Not to be outdone, the brakes are also unique, in fact, one of a kind by HHR, and they feature a “skeleton” appearance. Should you get the chance to see the car in person, look closely at the brakes. There are no backing plates. Anywhere. HHR fabricated their own floating brake shoe system where all the inner brake components are exposed to the elements. The philosophy is back in the day these air-cooled brakes would run cooler and stand up to the rigors of racing.
Wheels and tires can make or break the look of any hot rod. We have to say that the combo is spot-on for this Slonaker winning coupe. The custom wire wheels use the European small hub spline centers, 16- and 18-inch. The wheels were painted and then pinstriped before lacing so the color is clearly visible behind the spokes. The 16×5 and the 18×6 wires were then enveloped with Dunlop Racing tires, measuring 5.50×16 and 7.00×18.
The interior is truly inspirational and offers what one might find in a European sports car. The suspension is controlled from within the cockpit. For instance, the friction shocks are controlled by pressurized oil, which is controlled by valves positioned near the gear shift lever. There are gauges associated with this function so that the driver can check pressures on the fly and, hence, adjust dampening action. There is more European flair, something that would have been found in a race car of the ’30s. High tech for the day. Other interior and mechanical-inspired details are found in the rail shifter system, “skeleton” handbrake lever, suspension control components, and a roof panel switch.
More on the interior by Mark Lopez of Elegance Auto Interiors. There is a combination of light and dark brown leather used throughout with special attention to the transmission tunnel covered in the dark brown. The HHR custom-made bomber bucket seats are covered in a light brown leather. The variegated carpeting is based on a German weave in a light and dark brown while the light brown velour headliner was also put into place by Elegance. There is also a switch panel located in the headliner, again more HHR handiwork, that controls the exhaust (open/close), ignition, start, lights, and turn signals. The dashboard is a highly modified ’32 panel that’s outfitted with vintage gauges (origin unknown) that were rebuilt by Redline Gauge Works. Working with the dash is the HHR custom steering column that links the vintage cowl (side steering) and is topped with a J.B. Donaldson four-spoke wooden steering wheel. To bring it all together a Centech wiring harness was placed by HHR.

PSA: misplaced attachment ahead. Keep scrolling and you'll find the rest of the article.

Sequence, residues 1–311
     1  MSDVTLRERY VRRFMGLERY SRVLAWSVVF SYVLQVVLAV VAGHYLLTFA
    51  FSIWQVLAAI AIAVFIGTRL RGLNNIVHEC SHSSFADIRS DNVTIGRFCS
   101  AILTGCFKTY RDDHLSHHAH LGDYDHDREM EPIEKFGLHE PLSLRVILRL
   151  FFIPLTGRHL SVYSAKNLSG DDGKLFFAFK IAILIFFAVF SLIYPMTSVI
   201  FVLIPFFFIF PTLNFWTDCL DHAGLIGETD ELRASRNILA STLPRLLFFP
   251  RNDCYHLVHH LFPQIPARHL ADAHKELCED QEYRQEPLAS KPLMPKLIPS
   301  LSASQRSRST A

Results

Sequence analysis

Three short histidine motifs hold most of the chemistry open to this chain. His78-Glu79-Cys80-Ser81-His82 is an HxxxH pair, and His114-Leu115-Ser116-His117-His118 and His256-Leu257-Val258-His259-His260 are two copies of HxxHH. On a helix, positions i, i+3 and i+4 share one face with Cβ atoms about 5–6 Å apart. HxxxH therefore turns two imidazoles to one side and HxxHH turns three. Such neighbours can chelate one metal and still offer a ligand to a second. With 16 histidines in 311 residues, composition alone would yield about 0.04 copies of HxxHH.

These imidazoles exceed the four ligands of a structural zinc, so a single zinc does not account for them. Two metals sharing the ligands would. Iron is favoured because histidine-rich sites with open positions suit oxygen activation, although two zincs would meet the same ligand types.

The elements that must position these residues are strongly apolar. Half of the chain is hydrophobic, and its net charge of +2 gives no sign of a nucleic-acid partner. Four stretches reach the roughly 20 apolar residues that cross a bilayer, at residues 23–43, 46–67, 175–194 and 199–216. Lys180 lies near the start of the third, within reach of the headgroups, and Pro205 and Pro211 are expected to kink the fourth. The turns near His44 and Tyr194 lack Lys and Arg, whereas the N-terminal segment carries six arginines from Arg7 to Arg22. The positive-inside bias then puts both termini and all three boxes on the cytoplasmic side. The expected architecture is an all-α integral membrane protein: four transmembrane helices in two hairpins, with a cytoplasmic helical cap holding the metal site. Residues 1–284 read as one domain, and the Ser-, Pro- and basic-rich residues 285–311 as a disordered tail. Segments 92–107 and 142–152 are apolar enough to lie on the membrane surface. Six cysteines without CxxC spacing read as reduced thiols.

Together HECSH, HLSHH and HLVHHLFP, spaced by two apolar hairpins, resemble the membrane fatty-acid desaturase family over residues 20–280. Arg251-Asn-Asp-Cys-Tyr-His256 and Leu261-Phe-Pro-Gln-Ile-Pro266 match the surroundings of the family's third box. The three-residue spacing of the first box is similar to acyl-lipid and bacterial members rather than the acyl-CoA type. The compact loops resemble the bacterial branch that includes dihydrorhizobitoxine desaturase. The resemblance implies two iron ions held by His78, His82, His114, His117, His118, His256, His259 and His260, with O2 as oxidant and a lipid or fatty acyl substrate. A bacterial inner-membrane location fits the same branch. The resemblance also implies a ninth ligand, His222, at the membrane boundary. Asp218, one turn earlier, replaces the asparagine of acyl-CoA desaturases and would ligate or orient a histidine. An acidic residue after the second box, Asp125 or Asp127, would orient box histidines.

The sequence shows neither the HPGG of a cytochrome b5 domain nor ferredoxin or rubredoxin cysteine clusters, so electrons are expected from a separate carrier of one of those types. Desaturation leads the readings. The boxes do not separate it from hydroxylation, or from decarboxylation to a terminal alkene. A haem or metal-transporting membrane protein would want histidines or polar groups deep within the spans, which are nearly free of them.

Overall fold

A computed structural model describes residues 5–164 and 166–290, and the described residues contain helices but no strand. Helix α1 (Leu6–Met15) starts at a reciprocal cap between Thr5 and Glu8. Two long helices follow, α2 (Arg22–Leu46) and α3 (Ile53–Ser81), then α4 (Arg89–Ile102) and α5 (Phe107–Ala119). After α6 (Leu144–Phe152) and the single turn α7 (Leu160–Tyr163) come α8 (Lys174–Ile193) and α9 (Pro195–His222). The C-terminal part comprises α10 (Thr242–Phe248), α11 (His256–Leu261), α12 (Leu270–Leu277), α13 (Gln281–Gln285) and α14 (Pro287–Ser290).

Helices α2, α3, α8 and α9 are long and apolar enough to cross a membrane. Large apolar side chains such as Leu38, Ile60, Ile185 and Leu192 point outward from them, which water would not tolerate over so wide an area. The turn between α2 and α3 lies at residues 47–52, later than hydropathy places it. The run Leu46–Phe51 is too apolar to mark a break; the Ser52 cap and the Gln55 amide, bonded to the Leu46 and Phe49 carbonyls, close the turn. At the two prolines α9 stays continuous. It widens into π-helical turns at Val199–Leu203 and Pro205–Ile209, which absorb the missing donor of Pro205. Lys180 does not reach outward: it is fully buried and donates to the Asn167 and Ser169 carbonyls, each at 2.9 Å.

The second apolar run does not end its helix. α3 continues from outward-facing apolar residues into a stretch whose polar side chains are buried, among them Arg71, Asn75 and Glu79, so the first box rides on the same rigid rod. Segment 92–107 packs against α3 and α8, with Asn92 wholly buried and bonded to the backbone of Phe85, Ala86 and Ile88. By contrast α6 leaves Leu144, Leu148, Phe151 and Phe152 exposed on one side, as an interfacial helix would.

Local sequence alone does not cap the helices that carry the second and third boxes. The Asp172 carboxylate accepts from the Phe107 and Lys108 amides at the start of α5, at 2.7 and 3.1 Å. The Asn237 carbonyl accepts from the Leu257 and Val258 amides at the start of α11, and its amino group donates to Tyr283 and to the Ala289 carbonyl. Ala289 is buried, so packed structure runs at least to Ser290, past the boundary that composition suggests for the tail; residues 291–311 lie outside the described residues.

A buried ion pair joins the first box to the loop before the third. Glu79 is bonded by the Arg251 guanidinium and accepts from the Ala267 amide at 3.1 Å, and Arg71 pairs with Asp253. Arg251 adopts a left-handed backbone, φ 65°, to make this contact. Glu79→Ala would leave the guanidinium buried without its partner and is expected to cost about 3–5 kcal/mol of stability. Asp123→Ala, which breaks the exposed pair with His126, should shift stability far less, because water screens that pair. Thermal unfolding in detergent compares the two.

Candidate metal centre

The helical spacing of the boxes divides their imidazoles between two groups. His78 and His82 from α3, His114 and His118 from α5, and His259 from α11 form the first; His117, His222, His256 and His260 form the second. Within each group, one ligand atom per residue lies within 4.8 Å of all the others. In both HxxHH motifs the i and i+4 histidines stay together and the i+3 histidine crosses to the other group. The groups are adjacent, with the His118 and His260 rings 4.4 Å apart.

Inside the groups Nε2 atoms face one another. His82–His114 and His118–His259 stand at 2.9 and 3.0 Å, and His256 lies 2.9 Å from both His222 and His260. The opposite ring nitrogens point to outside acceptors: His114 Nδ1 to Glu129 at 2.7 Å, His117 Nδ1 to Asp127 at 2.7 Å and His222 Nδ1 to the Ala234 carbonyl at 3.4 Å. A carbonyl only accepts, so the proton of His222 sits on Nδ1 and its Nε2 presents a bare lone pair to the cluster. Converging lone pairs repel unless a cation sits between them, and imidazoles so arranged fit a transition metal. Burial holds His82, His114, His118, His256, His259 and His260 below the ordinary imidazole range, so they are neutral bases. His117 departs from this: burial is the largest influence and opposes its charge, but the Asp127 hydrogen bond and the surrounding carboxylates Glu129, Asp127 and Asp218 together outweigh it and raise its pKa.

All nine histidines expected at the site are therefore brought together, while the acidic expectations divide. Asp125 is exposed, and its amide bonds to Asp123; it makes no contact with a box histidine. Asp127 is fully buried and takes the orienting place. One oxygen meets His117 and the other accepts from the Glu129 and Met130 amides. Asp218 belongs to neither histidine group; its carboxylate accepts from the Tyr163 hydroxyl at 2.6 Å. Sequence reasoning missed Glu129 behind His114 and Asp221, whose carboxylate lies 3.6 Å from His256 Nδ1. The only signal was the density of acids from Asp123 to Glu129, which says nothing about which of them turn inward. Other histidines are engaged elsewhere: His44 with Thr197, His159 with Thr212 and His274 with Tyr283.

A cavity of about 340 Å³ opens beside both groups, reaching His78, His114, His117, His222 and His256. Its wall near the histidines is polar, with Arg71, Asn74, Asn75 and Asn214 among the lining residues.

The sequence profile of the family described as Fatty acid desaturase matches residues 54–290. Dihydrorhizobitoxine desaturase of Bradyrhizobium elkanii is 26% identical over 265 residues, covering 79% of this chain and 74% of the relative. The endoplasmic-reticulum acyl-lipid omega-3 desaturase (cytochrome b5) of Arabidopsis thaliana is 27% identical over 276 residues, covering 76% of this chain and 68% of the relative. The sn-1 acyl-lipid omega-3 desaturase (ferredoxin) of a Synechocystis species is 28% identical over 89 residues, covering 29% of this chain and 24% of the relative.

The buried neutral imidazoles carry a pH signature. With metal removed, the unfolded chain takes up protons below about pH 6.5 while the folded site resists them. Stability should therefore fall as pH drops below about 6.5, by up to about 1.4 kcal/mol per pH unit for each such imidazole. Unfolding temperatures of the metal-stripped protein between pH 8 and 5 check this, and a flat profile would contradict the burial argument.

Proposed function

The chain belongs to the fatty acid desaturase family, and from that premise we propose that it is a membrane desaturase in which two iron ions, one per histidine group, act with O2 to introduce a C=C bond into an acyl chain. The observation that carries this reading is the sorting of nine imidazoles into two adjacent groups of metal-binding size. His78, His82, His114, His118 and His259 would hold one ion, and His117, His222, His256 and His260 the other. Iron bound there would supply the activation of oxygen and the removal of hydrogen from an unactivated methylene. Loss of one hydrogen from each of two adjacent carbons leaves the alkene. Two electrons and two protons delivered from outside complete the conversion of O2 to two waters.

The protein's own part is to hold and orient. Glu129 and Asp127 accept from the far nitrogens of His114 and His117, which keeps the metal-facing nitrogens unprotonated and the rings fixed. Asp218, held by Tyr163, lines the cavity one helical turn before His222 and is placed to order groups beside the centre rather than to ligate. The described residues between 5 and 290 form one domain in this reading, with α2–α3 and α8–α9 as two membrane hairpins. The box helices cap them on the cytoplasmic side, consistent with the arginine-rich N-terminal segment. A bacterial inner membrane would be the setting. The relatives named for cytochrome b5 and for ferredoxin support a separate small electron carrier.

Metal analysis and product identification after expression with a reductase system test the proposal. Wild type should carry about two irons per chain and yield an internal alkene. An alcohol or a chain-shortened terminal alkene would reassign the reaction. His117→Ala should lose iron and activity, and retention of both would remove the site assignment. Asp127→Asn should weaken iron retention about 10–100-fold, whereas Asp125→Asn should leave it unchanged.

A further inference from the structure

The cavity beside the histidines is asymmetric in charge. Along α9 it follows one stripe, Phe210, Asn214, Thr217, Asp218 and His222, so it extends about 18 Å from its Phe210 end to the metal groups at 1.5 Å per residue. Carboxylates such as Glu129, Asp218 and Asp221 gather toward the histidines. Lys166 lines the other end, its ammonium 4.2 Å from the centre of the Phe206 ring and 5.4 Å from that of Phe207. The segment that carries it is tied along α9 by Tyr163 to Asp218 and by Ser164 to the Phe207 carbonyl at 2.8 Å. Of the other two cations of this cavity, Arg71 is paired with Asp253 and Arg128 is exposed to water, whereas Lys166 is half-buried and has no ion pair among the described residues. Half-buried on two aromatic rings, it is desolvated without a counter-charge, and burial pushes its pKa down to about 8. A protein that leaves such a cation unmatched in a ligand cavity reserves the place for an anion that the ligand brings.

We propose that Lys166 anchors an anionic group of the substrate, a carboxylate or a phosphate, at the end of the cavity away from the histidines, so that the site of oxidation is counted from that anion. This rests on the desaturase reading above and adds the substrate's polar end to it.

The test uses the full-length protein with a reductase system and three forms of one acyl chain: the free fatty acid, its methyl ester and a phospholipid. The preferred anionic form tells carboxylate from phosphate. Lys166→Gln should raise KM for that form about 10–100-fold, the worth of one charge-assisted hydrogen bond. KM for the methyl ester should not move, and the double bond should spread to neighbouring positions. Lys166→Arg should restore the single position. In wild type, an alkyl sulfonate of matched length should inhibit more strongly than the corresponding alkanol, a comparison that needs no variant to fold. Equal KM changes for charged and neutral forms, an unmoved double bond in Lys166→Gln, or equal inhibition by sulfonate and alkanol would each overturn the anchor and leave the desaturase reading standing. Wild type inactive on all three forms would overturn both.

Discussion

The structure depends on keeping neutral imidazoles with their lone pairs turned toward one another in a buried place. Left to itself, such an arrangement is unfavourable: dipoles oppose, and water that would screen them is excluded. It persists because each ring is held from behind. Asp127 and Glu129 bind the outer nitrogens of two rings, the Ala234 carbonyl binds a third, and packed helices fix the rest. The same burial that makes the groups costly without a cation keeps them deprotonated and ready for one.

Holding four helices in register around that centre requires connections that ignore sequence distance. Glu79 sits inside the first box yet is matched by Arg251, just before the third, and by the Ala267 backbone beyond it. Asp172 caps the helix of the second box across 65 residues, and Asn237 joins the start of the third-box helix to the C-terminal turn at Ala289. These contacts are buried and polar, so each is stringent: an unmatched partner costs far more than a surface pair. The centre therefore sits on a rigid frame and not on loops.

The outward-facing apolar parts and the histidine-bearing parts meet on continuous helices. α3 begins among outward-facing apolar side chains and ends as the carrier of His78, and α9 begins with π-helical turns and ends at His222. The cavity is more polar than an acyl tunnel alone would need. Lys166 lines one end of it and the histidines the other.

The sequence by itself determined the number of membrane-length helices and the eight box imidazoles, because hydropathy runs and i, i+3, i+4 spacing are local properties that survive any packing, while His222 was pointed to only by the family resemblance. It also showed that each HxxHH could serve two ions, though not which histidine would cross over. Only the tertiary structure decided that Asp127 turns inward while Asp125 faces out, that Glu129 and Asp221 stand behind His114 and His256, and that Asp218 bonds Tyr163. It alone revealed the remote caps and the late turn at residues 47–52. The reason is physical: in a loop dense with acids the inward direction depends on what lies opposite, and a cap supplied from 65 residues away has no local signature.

We’ve all heard “It takes a village to raise a child.” Well, it takes the car community to build an award-winning hot rod. No question HHR is given the credit for the build, but Ladd will acknowledge others were critical: e. Black Design Co., Mick’s Paint, Elegance Auto Interiors, Custom Chrome Plating, V&M Metal Polishing, Alumicraft Street Rod Grilles, Alex of Malex Pinstriping, Wheelsmith, Tom Utley (Kingtutley), and, as Ladd would say, “the person we failed to mention.” Aside from taking home the GNRS Al Slonaker award presented by ARP it has also taken home (at the time of this writing) the following awards: While attending the Goodguys Del Mar event it was awarded the 2022 Meguiar’s Street Rod D’ Elegance award followed shortly by the Spokane Speed and Custom Show and winning the Spokane Cup Award sponsored by ARP. (Editor’s Note: Right now we are lobbying to have this amazing coupe brought back to the Shades of the Past Hot Rod Roundup Triple Crown of Rodding competition. As many rodders as possible need to see this one-of-a-kind build. —B.B.) MR